First Minister Reassures Public Over Queensferry Crossing Work
30 November 2017, 13:46
Further work on the Queensferry Crossing will done in a way that "minimises inconvenience" to the public, the First Minister has said.
The £1.35 billion bridge will be partially closed for surfacing work from Thursday to Wednesday.
Transport officials said more lane restrictions could be expected on the crossing over the next 10 months due to ''snagging'' issues.
Nicola Sturgeon said the work beginning on Thursday was "the only identified work" requiring peak-time lane closures.
She sought to give reassurances during First Minister's Questions at Holyrood as opposition leaders accused the Scottish Government of "pushing through" the bridge's opening in September and failing to be upfront with the public.
She said: "Yes there will be further snagging works required over the coming months, again entirely normal on an infrastructure project.
"The work that will start tonight is the only identified snagging work that will require peak-time lane closures. Any future lane closures that can't be avoided will be at night, not during the day, and not during peak hours.
"Under the contract all snagging works are carried out at no additional cost to the Scottish Government."
Work is scheduled to begin at 10pm on Thursday and finish by 6am on Wednesday December 6.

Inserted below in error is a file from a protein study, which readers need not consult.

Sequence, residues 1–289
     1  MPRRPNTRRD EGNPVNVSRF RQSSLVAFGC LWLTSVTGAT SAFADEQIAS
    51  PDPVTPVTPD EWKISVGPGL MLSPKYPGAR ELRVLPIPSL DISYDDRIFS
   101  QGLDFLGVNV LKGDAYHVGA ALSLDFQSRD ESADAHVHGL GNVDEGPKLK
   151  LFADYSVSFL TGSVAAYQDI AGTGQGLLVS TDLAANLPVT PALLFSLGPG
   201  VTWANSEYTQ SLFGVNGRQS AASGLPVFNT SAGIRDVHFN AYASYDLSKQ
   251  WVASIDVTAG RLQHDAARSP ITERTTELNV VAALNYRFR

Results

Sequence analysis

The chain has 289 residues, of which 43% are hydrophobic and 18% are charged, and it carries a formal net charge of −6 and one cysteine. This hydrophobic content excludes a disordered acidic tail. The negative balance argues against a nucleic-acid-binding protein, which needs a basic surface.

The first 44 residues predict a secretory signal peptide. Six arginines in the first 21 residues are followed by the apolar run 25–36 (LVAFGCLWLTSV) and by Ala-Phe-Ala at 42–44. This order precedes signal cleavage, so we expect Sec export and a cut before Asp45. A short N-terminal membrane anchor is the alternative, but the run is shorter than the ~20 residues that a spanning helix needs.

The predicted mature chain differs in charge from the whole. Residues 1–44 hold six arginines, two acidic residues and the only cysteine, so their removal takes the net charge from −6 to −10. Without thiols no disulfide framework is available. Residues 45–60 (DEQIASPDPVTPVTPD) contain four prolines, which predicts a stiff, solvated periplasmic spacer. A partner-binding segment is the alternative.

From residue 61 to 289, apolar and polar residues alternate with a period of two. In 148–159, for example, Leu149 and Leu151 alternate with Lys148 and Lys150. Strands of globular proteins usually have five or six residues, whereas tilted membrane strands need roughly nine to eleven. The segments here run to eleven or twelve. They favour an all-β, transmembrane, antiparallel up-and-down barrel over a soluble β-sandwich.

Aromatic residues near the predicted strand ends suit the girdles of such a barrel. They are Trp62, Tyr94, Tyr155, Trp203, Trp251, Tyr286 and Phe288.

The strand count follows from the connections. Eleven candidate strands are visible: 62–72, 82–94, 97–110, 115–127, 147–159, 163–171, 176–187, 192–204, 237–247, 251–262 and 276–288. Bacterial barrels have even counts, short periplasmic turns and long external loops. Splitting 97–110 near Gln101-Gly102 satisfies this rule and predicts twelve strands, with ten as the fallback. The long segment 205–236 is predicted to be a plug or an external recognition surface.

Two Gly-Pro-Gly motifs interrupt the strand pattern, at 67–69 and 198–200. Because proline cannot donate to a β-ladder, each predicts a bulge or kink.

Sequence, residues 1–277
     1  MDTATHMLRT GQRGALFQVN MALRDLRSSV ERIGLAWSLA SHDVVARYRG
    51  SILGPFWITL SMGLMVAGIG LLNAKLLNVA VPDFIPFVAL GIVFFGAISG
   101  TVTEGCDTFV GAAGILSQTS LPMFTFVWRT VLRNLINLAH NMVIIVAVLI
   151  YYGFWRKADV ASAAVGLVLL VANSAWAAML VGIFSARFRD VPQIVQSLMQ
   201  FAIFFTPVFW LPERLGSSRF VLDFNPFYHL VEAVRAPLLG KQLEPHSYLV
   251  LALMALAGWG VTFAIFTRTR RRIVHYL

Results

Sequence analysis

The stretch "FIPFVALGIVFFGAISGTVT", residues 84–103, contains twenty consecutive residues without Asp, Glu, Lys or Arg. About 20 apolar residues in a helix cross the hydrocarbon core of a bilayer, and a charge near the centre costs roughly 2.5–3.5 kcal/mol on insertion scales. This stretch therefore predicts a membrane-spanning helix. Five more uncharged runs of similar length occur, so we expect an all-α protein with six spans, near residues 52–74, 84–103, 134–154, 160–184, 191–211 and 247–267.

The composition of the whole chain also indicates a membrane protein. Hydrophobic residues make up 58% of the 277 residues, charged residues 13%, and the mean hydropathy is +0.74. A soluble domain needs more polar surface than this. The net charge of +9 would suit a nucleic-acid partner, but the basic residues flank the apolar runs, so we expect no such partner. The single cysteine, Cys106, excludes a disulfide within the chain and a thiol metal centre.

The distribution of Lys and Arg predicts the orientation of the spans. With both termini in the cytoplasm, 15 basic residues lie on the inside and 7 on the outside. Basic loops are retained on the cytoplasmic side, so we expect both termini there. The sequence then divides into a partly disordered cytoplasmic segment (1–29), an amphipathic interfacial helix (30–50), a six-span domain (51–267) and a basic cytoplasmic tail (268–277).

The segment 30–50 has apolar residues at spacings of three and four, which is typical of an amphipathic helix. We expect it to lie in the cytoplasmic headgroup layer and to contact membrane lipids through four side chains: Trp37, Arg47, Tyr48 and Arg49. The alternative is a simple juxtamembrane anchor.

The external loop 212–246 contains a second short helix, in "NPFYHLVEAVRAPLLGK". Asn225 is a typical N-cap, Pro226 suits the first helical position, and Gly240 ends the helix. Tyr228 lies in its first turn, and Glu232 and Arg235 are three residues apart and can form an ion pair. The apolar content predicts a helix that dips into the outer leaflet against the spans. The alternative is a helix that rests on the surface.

During that time, southbound traffic heading towards Edinburgh will use the Forth Road Bridge, while northbound traffic will use the Queensferry Crossing.
Transport Scotland told a Holyrood committee that issues with road surfacing were known about in August - before the crossing's opening - but a solution was not found until a ''couple of weeks'' ago.
Ms Sturgeon said: "When the solution to this particular piece of work was agreed ministers were told - that happened on Tuesday of last week.
"As soon as there was then confirmation from the Met Office about the weather window - that happened on Monday this week - Parliament and the wider public were informed.
"In other words, there was no delay, things happened completely timeously."
Scottish Conservative leader Ruth Davidson accused the government of "dripping out information" on the bridge works.
She said: "Transport Scotland knew that the road over the bridge was faulty when the bridge was opened back in August, because that's what they said in Parliament yesterday, yet the Transport Minister said this morning that he knew nothing about the partial closure until last week.
"What jars here is the way that they pushed through the opening of this bridge in the summer and claimed it as a symbol of SNP competence, but now there's a problem it's 'don't look at us we're just the Scottish Government'.
"In September it was jobs done and pats on the back all round, but on Monday we were told there would be another five days of work needed and yesterday those five days became another 10 months of possible disruption.
"It's the dripping out of this information rather than simply levelling with people that's damaging the public's trust."
Scottish Liberal Democrat leader Willie Rennie said: "Who spends over a billion pounds on a bridge then closes it weeks later?
He added: "With work predicted to last until September next year the completion of this crossing will be two years late. People deserve openness at last from this government.
"This government's priority has been to not disrupt the ceremony with troublesome facts."